David Tepper Launches Appaloosa Management L.P.

In 1993, David Tepper co-founded Appaloosa Management L.P. with a former Goldman Sachs colleague, Jack Walton. Appaloosa Management started with $57 million in capital. In its first six months, Appaloosa delivered 57% returns on its assets and the fund grew to $300 million in 1994, $450 million in 1995, and $800 million in 1996. In 2014, its assets under management exceeded $20 billion. David Tepper returned 20% of his investor capital in 2016. By 2019, Appaloosa’s assets under management were reportedly down to $14 billion with 70% of that total belonging to Tepper.

Appaloosa mostly invests in debt of companies in distress. Its first investment was in a distressed steel company, Algoma Steel, which was in bankruptcy court. Tepper bought the steel company’s preferred shares for $0.20 and sold them within a year for approximately $0.70. His fund lost 25% in the junk bond market crash 0f 2002 but soon recovered in subsequent years after successful bets were made on troubled and bankrupt companies like Enron, Worldcom, Marconi Corp., and Williams Co. The bonds he purchased in these companies contributed to a 150% gain in his portfolio position.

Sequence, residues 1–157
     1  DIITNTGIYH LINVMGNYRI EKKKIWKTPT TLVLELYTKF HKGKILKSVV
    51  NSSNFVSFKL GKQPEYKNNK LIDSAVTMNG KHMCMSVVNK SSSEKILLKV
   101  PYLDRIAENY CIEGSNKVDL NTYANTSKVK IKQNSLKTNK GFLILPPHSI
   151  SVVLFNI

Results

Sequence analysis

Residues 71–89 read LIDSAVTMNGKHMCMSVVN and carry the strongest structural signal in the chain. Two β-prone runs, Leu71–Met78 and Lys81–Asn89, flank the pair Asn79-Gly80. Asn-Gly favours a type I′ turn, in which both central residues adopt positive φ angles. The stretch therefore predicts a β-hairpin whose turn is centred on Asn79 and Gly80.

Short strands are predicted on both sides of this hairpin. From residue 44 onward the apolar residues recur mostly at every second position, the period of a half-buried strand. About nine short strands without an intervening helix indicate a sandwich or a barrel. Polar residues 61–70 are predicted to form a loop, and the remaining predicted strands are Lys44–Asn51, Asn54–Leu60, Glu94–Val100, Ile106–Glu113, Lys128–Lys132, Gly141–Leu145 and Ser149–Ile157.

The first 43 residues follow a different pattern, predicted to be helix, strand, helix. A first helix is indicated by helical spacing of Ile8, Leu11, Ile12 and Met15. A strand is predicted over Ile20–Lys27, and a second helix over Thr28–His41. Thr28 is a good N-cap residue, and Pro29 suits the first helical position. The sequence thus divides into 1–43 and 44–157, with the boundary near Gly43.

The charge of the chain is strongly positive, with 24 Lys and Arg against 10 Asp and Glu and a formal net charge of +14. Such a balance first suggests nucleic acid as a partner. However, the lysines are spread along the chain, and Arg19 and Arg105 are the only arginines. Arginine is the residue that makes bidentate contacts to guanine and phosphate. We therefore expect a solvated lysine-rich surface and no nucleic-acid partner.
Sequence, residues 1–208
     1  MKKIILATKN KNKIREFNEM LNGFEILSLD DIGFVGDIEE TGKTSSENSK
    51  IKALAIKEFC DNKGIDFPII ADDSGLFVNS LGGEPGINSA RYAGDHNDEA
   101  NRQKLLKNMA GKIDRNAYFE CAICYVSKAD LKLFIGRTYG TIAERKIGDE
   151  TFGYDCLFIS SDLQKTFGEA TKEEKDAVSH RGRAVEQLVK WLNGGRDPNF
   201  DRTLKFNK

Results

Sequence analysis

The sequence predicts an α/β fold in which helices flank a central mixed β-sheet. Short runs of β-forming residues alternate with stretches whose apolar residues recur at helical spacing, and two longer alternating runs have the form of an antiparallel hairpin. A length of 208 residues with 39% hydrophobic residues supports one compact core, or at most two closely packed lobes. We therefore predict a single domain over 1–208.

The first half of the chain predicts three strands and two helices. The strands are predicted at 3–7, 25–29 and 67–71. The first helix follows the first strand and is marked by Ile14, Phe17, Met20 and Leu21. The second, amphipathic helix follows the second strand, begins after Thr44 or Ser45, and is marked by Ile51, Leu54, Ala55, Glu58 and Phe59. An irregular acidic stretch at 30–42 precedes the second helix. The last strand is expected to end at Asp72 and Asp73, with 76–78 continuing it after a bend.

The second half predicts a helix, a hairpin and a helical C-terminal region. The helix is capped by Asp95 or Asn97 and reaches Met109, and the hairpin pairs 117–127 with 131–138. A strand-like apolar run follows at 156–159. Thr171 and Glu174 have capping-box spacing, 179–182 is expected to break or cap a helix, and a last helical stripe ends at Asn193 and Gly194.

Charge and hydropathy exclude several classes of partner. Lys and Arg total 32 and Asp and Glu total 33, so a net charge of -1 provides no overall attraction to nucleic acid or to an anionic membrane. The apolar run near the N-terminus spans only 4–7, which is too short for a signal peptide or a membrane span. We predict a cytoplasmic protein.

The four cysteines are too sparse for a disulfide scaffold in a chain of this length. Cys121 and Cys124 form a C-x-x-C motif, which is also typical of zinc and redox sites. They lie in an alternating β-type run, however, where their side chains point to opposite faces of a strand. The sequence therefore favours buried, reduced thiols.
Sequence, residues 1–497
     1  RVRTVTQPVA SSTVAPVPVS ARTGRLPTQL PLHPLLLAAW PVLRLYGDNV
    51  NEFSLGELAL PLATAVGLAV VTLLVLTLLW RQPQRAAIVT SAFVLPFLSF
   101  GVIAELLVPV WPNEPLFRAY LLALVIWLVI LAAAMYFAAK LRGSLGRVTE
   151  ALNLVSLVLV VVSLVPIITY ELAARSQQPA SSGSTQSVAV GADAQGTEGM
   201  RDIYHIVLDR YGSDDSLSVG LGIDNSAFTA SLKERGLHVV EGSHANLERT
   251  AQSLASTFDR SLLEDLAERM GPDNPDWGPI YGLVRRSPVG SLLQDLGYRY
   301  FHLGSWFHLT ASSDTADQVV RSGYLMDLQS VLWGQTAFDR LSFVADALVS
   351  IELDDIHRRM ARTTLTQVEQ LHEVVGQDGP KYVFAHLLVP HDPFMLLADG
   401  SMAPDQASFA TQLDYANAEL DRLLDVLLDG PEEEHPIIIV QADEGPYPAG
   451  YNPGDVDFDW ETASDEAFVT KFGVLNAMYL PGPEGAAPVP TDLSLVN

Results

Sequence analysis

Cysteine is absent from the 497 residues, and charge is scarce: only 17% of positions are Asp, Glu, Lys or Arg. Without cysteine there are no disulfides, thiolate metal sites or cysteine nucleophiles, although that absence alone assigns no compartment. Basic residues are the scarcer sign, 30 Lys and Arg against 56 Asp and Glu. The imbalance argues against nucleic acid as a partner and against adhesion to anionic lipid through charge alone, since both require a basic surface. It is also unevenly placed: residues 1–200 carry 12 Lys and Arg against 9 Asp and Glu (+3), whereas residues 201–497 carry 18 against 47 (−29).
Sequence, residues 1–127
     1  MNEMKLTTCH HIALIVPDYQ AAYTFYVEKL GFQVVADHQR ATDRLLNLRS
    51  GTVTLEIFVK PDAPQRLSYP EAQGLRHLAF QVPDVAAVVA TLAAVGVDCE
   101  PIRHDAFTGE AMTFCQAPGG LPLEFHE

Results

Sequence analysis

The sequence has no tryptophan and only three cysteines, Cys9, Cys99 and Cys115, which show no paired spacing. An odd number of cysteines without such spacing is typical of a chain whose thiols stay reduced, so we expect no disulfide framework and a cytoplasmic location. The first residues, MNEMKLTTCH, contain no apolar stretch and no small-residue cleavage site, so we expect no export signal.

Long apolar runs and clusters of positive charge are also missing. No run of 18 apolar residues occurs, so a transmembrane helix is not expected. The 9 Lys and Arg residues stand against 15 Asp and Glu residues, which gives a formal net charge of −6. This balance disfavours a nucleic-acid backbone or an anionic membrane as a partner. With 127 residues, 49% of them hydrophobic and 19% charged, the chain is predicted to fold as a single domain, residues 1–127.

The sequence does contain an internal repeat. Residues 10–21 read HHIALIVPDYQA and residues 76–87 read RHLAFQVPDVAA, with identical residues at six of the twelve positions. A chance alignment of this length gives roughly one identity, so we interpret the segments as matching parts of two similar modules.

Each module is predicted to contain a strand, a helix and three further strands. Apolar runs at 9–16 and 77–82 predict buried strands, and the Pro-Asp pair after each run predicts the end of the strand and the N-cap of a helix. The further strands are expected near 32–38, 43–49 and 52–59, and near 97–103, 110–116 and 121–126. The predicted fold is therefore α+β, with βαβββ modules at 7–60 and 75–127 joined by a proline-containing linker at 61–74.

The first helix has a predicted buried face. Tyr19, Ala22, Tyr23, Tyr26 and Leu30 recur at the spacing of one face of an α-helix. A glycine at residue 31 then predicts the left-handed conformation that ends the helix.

Tepper's aggressive style and confidence are often seen as his best traits as a hedge fund manager. In the mid-to late 90s, when certain emerging economies were on the verge of defaulting on their sovereign debts and investors were fleeing the other direction, Tepper took advantage of the negative situation by running an analysis of countries that were sure to recover. He bought debt in Argentina (Argentina Economic Crisis), South Korea (Asian Financial Crisis), and Russia (Russian Financial Crisis), which earned him returns of 42%, 30% and -30%, respectively. Though he recorded a loss in his initial bet that the Russian government will not default, which turned out to be wrong, he kept buying the government bonds and eventually earned 60% on his bet.

Tepper's Performance During the 2008 Financial Crisis